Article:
Apple vs. FBI: How Important is Cyber Security?
Cyber security can be defined by the University of Maryland University College as “information technology security,” which focuses on protecting computers, networks, programs and data from unintended or unauthorized access, change or destruction.” This phrase has become increasingly common in society’s rhetoric in the past few decades given technology’s prevalence in daily life. Much of our personal information is stored on some device somewhere in the world, and we rely on the technology industry to create devices that are capable of protecting this information from the outside world. That being said, a case incredibly significant to the importance of cyber security in today’s socio-political realm has been developing in the United States.
On December 2nd this past year, a married couple, Syed Rizwan Farook and Tashfeen Malik, opened fire at a regional center in San Bernardino, California, killing fourteen people and injuring twenty-two. Syed Farook worked for the government in San Bernardino, and the U.S. Government, in investigating the shooting, was able to recover Farook’s government-issued phone http://www.latimes.com/local/lanow/la-me-ln-san-bernardino-shooting-live-updates-htmlstory.html. While it may appear that the recovery is an informational victory for the FBI, the issue for the agency becomes predicated around how it will access the information because the phone is encrypted. Because of this, the FBI contacted Apple asking for a software that essentially unlocks the iPhone from a “back door” so that none of the information is tampered with.
Here is where this case becomes interesting, and could become one that sets a precedent for future cyber security issues.
On February 17th, Apple’s CEO, Tim Cook, responded to the FBI’s request to create this software by making it publicly known that neither he, nor anyone at Apple, could support usurping the law by completing this action. This statement was published on Apple’s website for all to see, and within the letter, Cook highlights what the possible consequences of creating a “backdoor” to its operating system could be. Cook explicitly states, “The government is asking Apple to hack our own users and undermine decades of security advancements that protect our customers from sophisticated hackers and cybercriminals.” Naturally, this letter elicited responses from politicians and leading tech industry professionals, such as the creator of the popular messaging application WhatsApp, who declared in a Facebook status that he stands behind Tim Cook and Apple in the case against the FBI.
As this story develops, it is important to note that there has not been very much legal action between the two parties. Much of the back-and-forth between industry professionals like Tim Cook and the FBI and its supporters -including Bill Gates - is PR-related, polarizing the American public.
There is much speculation about who is right in the tug-of-war between FBI and the Silicon Valley tech empire that is Apple, but it appears that Apple’s reasoning overrides the government’s need for security information. Of course, having said that, there is no denying that intelligence, especially cyber intelligence, is crucial in maintaining the nation’s security from potential enemies all over the world. The overall implications, as Cook highlighted, become the larger issue in this case, however, because any mishap in handling the “back door” software could affect millions of people across the globe. In a hypothetical “worst-case” scenario, someone with the information about how to decode Apple’s standard encryption mechanisms could potentially hack into everyone’s phones, tablets, and computers and access personal information.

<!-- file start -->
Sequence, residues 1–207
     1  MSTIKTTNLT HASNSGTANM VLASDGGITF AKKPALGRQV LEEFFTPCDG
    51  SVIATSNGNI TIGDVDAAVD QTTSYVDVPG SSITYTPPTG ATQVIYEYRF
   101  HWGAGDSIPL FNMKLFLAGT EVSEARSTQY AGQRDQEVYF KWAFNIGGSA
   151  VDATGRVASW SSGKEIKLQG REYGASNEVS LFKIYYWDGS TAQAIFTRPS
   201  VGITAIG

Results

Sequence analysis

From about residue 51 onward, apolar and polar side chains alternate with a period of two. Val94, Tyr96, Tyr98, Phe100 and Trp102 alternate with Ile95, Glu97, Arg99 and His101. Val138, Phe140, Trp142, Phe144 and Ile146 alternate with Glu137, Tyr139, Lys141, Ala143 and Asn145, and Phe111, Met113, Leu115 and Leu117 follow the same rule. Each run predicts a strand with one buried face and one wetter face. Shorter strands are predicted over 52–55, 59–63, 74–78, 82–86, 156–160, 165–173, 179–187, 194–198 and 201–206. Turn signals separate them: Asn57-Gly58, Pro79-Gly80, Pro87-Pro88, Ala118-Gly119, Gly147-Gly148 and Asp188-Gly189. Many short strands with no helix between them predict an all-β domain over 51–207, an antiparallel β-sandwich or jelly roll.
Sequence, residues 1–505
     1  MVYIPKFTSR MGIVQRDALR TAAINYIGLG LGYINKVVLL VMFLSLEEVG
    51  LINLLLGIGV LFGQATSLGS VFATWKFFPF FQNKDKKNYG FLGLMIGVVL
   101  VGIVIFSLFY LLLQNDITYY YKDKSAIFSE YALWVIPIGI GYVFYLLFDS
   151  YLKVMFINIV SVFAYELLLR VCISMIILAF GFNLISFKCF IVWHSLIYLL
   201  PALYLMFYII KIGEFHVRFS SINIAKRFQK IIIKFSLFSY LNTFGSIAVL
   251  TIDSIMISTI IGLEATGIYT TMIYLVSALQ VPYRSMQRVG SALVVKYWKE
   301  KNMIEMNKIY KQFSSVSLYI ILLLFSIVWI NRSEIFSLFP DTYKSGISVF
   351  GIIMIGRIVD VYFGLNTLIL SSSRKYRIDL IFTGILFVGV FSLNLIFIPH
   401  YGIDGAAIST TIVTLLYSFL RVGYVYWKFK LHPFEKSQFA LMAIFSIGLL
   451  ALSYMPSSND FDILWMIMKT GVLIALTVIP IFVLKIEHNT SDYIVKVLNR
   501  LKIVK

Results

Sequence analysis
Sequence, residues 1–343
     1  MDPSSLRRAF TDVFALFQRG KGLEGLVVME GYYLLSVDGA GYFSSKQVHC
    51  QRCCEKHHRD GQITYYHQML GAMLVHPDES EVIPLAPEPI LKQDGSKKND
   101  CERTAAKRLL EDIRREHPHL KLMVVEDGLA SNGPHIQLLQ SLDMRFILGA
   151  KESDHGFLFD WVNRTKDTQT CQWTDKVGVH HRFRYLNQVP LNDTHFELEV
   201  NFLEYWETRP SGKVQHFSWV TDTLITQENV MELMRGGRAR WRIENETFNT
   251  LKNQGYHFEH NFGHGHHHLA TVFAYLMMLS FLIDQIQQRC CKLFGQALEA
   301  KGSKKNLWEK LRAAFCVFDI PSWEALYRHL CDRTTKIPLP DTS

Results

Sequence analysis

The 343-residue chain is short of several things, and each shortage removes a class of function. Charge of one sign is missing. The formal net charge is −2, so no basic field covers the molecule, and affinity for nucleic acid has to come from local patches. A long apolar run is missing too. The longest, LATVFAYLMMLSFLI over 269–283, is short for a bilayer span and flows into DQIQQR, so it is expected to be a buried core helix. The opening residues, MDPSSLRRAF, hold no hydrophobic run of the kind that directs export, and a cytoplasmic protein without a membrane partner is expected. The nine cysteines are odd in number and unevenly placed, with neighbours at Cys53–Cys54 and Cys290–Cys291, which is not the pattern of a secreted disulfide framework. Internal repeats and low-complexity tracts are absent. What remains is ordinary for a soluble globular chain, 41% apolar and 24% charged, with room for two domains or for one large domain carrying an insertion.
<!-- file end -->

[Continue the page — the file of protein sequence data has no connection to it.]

Recent legal developments have further augmented Apple and Tim Cook’s case about not creating the backdoor operating system. A U.S. District Court in New York sided with Apple in a ruling about another iPhone cybersecurity case stating that U.S. Government cannot use the All Writs Act of 1911, which states that the government can increase its jurisdiction in irremediable cases, to force Apple to create the key to unlock the backdoor. While this case cannot set precedent in the Supreme Court, it highlights the issue at hand, and places a fair amount of momentum in Apple’s favor.
Contrarily, there is the argument that the FBI’s request of Apple’s expertise is an exclusive case, meaning that its use of the backdoor software will be limited to Farook’s phone, and that there will not be any other instances of the software being used for the sake of national security. That appears to miss the point, however, because it only requires one instance in which this way of bypassing encryption is placed in the wrong hands in the wrong moment.
Thus, while this case is still in its formative stages, it remains to be seen if and how the Supreme Court will rule on a hotly-contested case such as this. Considering that the Court will now most likely be split on a majority of its cases until a new Justice is appointed, it is difficult to pinpoint how the conclusion will play out. It may be important for Apple to press the issue in this case as quickly as possible in the U.S. District Court for Central California, taking into account the fact that the Ninth District is comprised of predominantly liberal judges who may rule in their favor.
The overbearing issue is the push-and-pull between privacy and national security, and while both sides of the argument maintain validity, the ramifications of Apple’s stance are important to note. If the previously mentioned “worst-case” scenario somehow becomes “the” case, then both our privacy and our national security could be at risk for generations to come.
- James Sabia